STATES CHRONICLE – Los Angeles County has reported an outbreak of meningitis and initial reports are showing that most of the people diagnosed are bisexual or gay men. This is not the first meningitis outbreak that affected the gay community in Los Angeles County. Another larger scale outbreak occurred in 2014.
Gay Men Will Participate In CDC Studies On Meningitis
Official health representatives have begun studies to investigate and find out why gay men have an apparently higher chance of being infected with meningitis.
Until the studies reach their scheduled end, medical specialists can only theorize and guess why a disease such as meningitis would affect the gay population in such a high proportion.
Out of the total 12 cases of meningitis in Los Angeles County, seven of them were gay men. Los Angeles County has a population of ten million people, of which 300,000 are self-identified gay men.
The proportional difference is more than coincidence. In 2014, Los Angeles County had 11 cases of meningitis, of which six were gay men.
Initial speculation is based on medical observation of interactions between gay and bisexual men.
On average, gay men have more sexual partners which increase the chance of contracting the virus or, of spreading it.
Apart from intimate contact, gay and bisexual men are considered to openly share items or consumables. Without proper product sanitizing, the risk of passing on several viruses always exists.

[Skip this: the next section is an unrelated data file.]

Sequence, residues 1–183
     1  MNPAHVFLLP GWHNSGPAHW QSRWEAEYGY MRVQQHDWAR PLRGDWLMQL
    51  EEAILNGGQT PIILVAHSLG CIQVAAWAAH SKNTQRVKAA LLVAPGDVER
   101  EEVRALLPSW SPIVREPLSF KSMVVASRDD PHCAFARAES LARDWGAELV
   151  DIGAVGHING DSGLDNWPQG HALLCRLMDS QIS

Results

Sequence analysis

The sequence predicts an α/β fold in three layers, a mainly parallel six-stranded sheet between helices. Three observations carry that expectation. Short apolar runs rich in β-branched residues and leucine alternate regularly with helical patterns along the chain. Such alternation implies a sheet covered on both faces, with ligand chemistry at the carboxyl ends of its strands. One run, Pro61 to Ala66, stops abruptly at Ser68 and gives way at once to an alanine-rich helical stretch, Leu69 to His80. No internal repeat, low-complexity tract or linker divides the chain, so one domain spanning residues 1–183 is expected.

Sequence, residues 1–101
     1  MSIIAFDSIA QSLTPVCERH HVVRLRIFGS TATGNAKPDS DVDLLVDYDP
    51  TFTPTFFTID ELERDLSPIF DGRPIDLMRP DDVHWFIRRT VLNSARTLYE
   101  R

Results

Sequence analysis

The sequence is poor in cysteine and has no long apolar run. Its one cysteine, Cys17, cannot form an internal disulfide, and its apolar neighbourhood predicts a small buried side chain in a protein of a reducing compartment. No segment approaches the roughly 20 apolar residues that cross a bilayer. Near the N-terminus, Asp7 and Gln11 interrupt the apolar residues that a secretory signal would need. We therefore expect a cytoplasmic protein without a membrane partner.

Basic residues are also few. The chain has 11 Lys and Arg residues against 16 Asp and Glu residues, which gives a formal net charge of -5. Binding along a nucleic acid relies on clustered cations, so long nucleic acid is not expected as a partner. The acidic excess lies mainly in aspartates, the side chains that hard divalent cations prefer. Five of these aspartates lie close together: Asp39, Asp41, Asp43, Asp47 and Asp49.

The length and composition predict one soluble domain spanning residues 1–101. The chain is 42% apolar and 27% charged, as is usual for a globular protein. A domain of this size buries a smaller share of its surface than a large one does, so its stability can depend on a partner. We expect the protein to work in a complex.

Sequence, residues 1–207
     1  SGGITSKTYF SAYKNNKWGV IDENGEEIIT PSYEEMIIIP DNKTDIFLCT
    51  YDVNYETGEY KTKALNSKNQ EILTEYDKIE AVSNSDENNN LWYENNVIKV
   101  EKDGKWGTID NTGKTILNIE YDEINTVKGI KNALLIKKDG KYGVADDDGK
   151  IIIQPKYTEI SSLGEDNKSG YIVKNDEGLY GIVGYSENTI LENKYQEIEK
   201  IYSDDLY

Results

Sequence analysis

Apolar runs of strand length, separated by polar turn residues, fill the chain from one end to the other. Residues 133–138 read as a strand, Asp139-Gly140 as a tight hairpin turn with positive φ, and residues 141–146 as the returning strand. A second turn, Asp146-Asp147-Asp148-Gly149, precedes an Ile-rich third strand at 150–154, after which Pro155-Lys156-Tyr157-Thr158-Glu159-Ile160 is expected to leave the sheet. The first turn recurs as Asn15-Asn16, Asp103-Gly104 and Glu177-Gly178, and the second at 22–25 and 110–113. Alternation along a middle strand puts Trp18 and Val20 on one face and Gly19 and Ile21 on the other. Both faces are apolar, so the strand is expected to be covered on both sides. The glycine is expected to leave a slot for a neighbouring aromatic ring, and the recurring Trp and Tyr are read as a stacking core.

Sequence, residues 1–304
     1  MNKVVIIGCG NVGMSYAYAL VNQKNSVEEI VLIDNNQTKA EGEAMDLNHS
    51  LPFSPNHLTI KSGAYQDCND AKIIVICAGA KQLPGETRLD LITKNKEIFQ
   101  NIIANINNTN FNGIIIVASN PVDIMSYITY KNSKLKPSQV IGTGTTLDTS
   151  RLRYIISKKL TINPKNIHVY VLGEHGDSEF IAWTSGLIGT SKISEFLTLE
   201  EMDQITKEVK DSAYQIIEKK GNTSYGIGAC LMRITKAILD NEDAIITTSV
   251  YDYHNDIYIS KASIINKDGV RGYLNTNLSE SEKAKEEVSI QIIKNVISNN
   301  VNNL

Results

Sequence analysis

However, both in 2011 and 2014, investigations and questioning revealed that the afflicted had not interacted directly with each other, making them entirely separate cases, to begin with.
Individual cases led medical specialists to believe that there could be gay men who carry the virus in a dormant state but without proper screening, it will be difficult to track down the correct pattern of infestation.
Meningitis advances through its symptoms quite quickly and has a high risk of causing death. Its symptoms, in no particular order, include sensitivity to bright light, severe headaches, high fever, general muscle pains, stiff neck, and skin rashes. Meningitis can lead to advanced loss of hearing and brain damage, as well as death.
Bisexual and gay men are encouraged by health authorities to get the appropriate vaccinations preventively. Until the study results reveal how to better identify the root of the problem, cautionary prevention is the best option.
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